“Data-Driven Thinking” is written by members of the media community and contains fresh ideas on the digital revolution in media.
Shortly after Christmas, Aram Zucker-Scharff, The Washington Post’s director of ad engineering, launched a viral jeremiad on Twitter against the ad tech industry in response to a New York Magazine article, excoriating ad platforms to agencies, measurement companies and even advertisers for propping up an ecosystem that, at its very core, he sees as “fake.”
To performance marketers, however, much of the indignation over misrepresented or misstated top-of-funnel metrics such as video views or Comscore audience estimates seems like a tempest in a teapot. Yes, some metrics are “fake” but, for the most part, performance marketers don’t care.
That’s because top-of-funnel metrics, such as video views, which Facebook admitted in 2016 to overstating, play a fairly trivial role in performance marketing. They are interesting to benchmark but mostly immaterial on their own.
And while it’s wholly unacceptable that top-of-funnel metrics – or any metrics – should be misrepresented, a sturdy business model isn’t dependent on them or susceptible to harm if they’re inflated. Top-of-funnel metrics are especially irrelevant on mobile; the most successful consumer verticals on mobile, including travel, direct-to-consumer commerce, gaming, dating and streaming video and music, operate on marketing models that are fundamentally performance-oriented and immune to measurement impropriety and high jinks.
Many of the issues associated with “fake” metrics have mostly been surmounted with modern marketing frameworks. With advertisers increasingly turning to algorithmic, event-optimized campaign types, such as Google’s Universal App Campaign and Facebook’s App Event Optimization and Value Optimization bidding strategies, top-of-funnel metrics seem ever more commercially insignificant. Ad platforms under these frameworks get paid for confirmed actions, such as purchases or registrations, which are auditable by advertisers and very difficult to falsify.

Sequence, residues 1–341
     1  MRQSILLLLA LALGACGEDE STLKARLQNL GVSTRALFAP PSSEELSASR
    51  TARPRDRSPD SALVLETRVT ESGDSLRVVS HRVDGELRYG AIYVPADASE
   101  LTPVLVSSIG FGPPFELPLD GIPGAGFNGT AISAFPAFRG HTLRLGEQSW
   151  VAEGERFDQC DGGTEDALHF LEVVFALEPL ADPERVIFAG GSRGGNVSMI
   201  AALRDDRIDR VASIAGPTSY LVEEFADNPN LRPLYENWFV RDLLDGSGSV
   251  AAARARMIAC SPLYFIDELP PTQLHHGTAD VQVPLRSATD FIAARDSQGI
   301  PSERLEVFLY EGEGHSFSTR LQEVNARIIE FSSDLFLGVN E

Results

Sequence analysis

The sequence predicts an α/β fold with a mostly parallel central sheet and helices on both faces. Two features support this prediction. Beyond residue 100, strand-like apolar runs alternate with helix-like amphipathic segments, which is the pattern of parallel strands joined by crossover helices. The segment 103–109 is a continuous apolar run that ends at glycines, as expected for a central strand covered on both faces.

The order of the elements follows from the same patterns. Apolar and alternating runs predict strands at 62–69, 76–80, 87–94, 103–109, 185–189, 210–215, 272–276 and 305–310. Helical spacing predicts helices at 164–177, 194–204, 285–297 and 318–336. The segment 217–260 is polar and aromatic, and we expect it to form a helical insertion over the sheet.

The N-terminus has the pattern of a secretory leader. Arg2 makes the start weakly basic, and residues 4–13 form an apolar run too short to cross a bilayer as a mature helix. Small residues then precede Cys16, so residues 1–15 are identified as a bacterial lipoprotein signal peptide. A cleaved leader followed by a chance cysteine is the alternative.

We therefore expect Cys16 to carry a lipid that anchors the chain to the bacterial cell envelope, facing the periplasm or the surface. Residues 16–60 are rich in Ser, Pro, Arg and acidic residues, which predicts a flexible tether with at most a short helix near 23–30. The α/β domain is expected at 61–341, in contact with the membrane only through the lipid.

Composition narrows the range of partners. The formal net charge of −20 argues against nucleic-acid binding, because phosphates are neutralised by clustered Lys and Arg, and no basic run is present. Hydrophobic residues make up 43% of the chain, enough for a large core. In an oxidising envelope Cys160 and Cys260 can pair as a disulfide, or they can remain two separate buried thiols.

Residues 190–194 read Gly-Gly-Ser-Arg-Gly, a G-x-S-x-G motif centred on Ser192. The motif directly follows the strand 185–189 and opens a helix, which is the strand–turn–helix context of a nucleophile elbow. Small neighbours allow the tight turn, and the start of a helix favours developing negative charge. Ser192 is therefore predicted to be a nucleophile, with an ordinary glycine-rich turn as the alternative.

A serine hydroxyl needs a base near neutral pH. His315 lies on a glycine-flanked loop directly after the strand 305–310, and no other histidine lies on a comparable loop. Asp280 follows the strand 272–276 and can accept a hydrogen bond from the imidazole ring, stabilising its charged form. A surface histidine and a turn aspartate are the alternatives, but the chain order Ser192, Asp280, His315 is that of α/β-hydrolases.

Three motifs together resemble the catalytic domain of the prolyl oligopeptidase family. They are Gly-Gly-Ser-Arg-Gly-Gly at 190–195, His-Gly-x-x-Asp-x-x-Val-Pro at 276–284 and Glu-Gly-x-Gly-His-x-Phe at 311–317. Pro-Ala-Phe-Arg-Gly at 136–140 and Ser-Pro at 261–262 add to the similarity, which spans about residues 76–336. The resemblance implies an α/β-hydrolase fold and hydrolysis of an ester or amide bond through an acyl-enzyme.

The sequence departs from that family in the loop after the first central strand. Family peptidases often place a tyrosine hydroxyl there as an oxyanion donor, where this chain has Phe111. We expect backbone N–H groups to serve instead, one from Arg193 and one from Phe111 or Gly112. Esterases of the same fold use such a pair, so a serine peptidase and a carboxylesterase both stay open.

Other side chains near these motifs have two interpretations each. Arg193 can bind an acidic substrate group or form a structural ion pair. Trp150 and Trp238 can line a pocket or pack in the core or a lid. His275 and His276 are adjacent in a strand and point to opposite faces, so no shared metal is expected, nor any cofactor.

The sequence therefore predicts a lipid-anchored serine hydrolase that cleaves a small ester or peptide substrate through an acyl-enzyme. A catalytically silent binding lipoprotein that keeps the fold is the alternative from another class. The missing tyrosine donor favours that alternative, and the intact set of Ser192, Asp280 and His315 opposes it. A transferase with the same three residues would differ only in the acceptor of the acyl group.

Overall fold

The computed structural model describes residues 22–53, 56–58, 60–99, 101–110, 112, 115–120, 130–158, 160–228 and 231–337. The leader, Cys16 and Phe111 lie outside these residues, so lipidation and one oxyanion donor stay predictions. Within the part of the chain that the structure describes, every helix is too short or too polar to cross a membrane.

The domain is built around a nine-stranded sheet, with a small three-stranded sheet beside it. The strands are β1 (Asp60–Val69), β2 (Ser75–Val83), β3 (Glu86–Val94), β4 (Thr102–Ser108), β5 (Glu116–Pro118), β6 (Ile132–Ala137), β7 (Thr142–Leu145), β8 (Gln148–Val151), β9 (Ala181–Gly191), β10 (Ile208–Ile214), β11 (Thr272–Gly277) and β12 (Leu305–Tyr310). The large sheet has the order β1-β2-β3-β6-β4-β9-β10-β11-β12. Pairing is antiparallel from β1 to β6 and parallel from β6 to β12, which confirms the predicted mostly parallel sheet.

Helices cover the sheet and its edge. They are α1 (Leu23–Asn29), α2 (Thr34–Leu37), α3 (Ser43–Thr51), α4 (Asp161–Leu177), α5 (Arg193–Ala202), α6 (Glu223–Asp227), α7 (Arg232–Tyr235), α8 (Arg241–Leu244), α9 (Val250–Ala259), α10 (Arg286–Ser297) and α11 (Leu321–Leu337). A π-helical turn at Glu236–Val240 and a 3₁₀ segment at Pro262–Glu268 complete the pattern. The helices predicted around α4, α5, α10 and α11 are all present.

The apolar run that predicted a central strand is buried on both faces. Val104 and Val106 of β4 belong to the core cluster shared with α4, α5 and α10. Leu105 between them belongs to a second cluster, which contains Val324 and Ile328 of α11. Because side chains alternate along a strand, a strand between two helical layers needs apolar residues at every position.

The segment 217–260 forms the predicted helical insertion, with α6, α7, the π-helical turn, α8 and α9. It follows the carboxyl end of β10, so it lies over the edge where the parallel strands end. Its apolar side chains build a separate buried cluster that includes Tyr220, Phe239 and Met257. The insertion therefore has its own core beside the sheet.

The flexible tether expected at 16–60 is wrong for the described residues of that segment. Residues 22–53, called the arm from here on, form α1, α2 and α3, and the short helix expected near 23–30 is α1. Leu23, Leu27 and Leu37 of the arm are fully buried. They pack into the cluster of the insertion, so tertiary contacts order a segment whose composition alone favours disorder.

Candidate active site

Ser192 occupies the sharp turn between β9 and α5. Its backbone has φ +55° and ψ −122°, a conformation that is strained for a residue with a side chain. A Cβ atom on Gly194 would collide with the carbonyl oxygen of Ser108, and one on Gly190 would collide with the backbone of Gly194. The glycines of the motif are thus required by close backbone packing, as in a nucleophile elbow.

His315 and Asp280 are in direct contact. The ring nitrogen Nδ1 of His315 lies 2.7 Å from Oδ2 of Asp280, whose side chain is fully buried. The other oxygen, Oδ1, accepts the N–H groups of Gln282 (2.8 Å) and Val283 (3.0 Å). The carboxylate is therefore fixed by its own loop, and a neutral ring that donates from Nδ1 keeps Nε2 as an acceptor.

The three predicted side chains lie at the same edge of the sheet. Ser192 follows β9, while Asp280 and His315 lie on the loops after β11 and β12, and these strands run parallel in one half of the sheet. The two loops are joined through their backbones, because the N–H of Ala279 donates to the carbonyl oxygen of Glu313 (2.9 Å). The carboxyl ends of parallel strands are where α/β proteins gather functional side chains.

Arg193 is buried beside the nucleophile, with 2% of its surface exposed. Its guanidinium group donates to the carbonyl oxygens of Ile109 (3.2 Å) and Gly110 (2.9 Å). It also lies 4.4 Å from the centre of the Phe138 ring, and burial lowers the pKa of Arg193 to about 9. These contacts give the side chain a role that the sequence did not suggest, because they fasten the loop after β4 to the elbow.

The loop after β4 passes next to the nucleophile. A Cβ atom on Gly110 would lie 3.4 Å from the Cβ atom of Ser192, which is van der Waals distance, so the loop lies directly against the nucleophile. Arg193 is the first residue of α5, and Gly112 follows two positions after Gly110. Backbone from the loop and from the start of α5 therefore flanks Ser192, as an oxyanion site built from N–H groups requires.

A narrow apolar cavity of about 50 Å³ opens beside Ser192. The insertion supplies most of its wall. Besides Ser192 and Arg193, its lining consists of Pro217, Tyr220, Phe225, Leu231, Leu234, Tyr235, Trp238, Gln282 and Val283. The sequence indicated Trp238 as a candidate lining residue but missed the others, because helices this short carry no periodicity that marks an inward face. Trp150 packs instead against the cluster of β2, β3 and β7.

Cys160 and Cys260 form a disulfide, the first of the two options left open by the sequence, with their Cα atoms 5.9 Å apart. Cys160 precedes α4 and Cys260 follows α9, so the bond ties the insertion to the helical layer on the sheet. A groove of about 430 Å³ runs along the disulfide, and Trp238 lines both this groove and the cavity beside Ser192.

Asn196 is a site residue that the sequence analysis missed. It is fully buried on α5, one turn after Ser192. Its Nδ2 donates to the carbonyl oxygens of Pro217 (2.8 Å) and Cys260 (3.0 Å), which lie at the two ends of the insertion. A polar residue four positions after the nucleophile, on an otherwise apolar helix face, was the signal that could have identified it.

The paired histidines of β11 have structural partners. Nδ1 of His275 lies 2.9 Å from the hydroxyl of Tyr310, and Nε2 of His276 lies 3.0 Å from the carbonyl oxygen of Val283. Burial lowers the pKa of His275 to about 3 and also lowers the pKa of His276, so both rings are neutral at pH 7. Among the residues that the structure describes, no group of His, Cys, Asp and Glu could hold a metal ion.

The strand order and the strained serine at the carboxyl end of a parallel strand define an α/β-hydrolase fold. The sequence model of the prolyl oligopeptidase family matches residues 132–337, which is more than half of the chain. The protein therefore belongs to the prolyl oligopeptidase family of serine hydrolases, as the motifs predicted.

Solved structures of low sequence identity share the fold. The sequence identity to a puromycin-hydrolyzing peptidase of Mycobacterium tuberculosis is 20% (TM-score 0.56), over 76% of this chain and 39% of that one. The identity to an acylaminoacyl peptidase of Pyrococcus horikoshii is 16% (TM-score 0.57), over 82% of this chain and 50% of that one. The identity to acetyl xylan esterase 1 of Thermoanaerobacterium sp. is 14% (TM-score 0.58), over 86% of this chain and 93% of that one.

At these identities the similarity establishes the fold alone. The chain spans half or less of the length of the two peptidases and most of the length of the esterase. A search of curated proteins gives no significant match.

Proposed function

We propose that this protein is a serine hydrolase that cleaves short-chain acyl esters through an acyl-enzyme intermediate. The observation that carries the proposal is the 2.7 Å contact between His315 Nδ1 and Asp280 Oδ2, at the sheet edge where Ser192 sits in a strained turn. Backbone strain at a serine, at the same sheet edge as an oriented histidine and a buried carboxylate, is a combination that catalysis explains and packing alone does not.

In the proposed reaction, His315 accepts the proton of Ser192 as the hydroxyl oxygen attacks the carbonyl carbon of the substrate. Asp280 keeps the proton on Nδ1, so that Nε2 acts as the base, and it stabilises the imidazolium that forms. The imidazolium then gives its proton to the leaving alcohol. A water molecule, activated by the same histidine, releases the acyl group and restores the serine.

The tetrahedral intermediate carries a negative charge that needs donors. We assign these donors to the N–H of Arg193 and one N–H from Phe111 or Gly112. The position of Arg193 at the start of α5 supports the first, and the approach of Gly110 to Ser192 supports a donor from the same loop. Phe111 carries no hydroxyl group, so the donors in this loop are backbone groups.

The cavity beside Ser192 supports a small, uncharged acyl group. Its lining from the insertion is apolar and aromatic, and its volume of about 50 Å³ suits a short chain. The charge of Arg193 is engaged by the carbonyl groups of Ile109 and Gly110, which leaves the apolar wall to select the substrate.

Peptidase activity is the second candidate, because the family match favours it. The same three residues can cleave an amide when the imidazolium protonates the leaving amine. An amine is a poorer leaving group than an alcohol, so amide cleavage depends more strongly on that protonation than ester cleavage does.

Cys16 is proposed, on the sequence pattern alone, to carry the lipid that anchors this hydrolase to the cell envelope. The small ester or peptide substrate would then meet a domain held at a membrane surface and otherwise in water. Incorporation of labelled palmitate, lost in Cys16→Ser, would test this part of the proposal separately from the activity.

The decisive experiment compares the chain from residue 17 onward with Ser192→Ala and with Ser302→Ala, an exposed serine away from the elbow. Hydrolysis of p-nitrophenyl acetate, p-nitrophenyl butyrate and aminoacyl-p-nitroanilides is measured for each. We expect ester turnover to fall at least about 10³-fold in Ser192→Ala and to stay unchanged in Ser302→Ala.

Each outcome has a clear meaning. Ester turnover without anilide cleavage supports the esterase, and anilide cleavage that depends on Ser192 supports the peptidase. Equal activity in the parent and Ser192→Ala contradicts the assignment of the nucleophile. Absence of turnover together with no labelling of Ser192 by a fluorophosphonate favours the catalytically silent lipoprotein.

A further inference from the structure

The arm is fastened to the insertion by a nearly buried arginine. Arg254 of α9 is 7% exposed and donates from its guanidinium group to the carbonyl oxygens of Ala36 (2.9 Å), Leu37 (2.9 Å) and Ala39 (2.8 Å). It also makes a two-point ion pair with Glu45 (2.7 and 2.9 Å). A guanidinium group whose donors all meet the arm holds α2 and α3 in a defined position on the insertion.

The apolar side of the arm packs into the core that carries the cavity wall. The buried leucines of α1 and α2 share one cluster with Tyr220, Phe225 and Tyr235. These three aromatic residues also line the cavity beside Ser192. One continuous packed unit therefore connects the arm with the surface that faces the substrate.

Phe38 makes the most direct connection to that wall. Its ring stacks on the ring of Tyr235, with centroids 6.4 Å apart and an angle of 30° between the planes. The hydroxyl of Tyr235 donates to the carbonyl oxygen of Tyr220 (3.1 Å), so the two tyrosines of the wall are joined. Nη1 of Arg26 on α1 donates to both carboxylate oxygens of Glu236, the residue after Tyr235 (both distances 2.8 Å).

Given this, it’s easy to understand why marketers’ outrage after each new revelation of platform foul play is typically so muted, relative to the frenzied panic in other corners of the industry.
The “fake” metrics tweetstorm underscored not so much the rampant abuse within the ad tech ecosystem but instead this fundamental and absolute paradigm shift in modern performance marketing. Ellen Pao, former Reddit CEO, responded to the tweetstorm by affirming, “It’s all true: everything is fake,” and lamenting that mobile web user counts are unreliable because users are assigned new network addresses and thus double-counted when they switch cell towers.
Rather than serving as a damning indictment of a corrupt industry, it was an admission that Reddit had not fortified its business model against entirely predictable measurement problems in the same way that every other mobile content publisher had: by moving user engagement into an app.
Of course, bad actors do exist within ad tech and some companies are indeed being defrauded. For instance, attribution-related fraud, where bad actors steal credit for mobile installs they didn't drive, can mask the dismal performance of an advertising channel. But even this type of fraud is relatively contained and easily avoided by performance advertisers that make the requisite investments in their analytics infrastructure.
But in terms of “fake” metrics, their impact is not evenly distributed: The companies whose business models are supported by performance marketing – not impression purchasing – and operate with the flexibility to adapt to ecosystem changes and evade measurement challenges are mostly exempted from the pain of “fake” metrics.